Second, we do not agree with draft conclusion 8, paragraph 2, that resolutions adopted by an international organization can necessarily be evidence of acceptance and recognition. As reflected in the Commission’s draft articles on customary international law, the relevant evidence is the “conduct of States in connection with” such resolutions. A State’s support for a resolution could reflect only political support; one would still need to look to that State’s individual conduct or expression of views to determine the extent to which that resolution reflects that State’s recognition or acceptance of a legal principle.
Next, I would like to return to draft conclusion 16 and the treatment of UN Security Council resolutions. Notwithstanding the useful clarifications in the commentary, we continue to disagree–given Articles 25 and 103 of the UN Charter–that a Security Council resolution can be rendered void due to a conflict with jus cogens.
Fourth, the provisions of draft conclusion 19 on consequences of jus cogens breaches on non-breaching states do not reflect customary international law. It is therefore inappropriate to suggest in this document, which will not be negotiated as a treaty, that such provisions are mandatory through use of the word “shall.”
Finally, we continue to disagree with the inclusion and content of the non-exhaustive list in the Annex following draft conclusion 23. As we have previously noted in written comments to the ILC and in interventions in the Sixth Committee, this list is both over-inclusive – including norms that may be customary international law but are not peremptory – and underinclusive, omitting such peremptory norms as the prohibition of piracy. Moreover, it is difficult to see the practical value of including this list, as the ILC itself did not follow the methodology it lays out in the draft conclusions when compiling the list. And although the commentary acknowledges that point, we are concerned that the list may be given undue weight by judges and practitioners who will review only the conclusions and annex, and not the lengthy commentary.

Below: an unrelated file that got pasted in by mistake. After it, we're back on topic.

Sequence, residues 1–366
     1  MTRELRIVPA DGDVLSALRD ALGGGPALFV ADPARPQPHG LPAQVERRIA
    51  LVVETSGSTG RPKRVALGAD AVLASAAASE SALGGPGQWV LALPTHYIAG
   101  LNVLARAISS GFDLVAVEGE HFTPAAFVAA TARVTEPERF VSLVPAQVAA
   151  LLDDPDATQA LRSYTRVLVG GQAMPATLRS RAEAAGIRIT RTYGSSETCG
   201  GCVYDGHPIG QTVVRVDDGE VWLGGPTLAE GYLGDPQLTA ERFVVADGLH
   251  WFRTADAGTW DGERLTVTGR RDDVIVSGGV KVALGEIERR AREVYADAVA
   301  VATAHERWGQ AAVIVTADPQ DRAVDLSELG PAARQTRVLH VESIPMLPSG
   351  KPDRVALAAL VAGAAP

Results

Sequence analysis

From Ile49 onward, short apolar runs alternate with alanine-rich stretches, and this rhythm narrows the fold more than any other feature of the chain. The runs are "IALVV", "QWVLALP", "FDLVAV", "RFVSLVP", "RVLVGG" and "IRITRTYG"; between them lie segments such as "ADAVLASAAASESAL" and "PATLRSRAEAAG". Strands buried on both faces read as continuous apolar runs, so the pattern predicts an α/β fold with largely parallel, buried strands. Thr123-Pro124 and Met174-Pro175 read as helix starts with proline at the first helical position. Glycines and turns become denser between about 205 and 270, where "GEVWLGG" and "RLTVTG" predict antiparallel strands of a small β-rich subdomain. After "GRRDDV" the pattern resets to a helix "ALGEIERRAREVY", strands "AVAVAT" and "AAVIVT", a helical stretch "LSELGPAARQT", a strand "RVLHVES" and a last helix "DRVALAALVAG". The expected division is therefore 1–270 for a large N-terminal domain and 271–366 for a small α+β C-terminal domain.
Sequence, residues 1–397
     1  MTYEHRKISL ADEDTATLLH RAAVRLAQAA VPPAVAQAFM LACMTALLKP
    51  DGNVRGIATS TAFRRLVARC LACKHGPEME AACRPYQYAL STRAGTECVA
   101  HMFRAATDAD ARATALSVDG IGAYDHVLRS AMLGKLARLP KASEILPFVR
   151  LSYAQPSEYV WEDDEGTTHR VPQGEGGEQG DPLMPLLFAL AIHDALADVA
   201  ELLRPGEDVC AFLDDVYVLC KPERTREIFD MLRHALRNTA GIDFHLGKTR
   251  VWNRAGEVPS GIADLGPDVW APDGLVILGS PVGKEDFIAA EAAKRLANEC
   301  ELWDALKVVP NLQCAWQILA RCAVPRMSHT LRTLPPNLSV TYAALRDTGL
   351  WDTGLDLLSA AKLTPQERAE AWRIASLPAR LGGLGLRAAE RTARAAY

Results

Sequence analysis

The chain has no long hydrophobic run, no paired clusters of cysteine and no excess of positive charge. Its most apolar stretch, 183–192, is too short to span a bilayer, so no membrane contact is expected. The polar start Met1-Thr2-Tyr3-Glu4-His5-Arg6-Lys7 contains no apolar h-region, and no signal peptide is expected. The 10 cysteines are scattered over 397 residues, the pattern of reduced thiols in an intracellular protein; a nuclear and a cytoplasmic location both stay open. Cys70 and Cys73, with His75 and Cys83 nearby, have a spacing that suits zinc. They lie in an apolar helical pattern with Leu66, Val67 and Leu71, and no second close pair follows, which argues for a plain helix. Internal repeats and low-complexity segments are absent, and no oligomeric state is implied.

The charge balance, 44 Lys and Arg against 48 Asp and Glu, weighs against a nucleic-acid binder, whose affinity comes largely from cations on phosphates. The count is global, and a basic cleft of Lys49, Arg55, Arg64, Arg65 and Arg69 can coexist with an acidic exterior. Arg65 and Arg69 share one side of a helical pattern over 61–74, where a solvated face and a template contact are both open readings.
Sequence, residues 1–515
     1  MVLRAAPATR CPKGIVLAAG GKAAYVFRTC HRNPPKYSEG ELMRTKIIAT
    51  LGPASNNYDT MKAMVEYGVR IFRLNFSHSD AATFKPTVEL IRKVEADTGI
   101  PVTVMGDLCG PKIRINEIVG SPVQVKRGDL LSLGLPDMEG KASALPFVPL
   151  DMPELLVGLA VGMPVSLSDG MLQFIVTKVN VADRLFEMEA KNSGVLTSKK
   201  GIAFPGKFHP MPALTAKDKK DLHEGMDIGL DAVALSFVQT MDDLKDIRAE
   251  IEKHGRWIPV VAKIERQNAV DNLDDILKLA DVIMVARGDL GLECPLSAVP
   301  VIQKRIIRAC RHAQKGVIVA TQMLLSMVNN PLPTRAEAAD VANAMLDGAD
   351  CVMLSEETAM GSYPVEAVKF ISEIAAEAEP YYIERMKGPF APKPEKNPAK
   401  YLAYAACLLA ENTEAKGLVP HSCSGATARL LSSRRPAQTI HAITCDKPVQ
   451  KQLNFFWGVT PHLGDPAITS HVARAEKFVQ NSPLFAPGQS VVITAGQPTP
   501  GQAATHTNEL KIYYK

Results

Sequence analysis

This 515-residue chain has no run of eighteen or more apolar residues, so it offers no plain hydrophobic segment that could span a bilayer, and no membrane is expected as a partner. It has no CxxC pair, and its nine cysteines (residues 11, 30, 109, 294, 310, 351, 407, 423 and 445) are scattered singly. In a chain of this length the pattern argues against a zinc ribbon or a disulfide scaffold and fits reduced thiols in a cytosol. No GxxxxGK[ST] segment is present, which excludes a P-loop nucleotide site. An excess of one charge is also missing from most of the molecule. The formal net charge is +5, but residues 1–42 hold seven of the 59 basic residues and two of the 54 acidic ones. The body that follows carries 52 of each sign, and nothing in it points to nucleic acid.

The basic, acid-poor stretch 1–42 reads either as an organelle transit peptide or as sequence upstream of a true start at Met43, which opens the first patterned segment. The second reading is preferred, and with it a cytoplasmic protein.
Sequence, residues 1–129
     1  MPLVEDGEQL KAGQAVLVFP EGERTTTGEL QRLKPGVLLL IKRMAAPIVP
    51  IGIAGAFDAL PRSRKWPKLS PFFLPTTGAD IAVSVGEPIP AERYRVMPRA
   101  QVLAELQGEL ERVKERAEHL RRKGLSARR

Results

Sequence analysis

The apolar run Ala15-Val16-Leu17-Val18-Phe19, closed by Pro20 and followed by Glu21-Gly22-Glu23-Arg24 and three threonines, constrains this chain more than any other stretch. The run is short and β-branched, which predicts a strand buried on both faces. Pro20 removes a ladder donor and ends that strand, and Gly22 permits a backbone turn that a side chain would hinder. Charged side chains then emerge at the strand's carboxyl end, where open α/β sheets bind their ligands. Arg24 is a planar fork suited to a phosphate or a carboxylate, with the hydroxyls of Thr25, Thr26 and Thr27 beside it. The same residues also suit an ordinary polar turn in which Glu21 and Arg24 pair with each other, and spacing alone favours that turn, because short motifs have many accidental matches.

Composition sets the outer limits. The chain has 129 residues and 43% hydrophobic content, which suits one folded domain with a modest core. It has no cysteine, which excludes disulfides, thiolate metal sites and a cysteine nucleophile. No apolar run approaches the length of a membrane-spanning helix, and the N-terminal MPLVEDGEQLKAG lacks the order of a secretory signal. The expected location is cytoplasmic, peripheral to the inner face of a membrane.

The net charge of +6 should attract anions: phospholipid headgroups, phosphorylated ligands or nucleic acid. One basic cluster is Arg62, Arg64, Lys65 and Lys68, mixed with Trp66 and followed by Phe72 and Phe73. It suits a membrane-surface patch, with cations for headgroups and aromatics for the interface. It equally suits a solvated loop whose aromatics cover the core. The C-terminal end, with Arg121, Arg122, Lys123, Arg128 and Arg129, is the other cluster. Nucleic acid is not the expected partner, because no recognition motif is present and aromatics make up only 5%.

We recognize the challenge facing the ILC for this project, having to consider the often strongly divergent views of various States. As that divergence of State views remains on critical parts of this project, we support inclusion of references to the views of States in the resolution addressing the jus cogens conclusions.
Protection of the environment in relation to armed conflicts
Turning to the second topic finalized this past summer, the draft principles on protection of the environment in relation to armed conflicts, the United States would first like to express its appreciation to the Commission for its work on this important issue. We extend our thanks to the Special Rapporteur, Marja Lehto, as well as her predecessor, Marie Jacobsson, for their efforts in drafting reports that recognize the complexity of these issues.
The United States is deeply committed to the protection of the environment and compliance with international humanitarian law. The U.S. military has a robust program to implement the law of war during military operations, including those rules and principles that provide protection to the natural environment. Our military also has adopted a number of policies and practices to protect the environment in relation to military operations and activities. We note the Commission’s adoption, on second reading, of the entire set of draft principles and we are appreciative that it has considered our previous comments on them. However, the United States continues to have concerns about the draft principles and their accompanying commentaries. We would like to emphasize three areas of concern.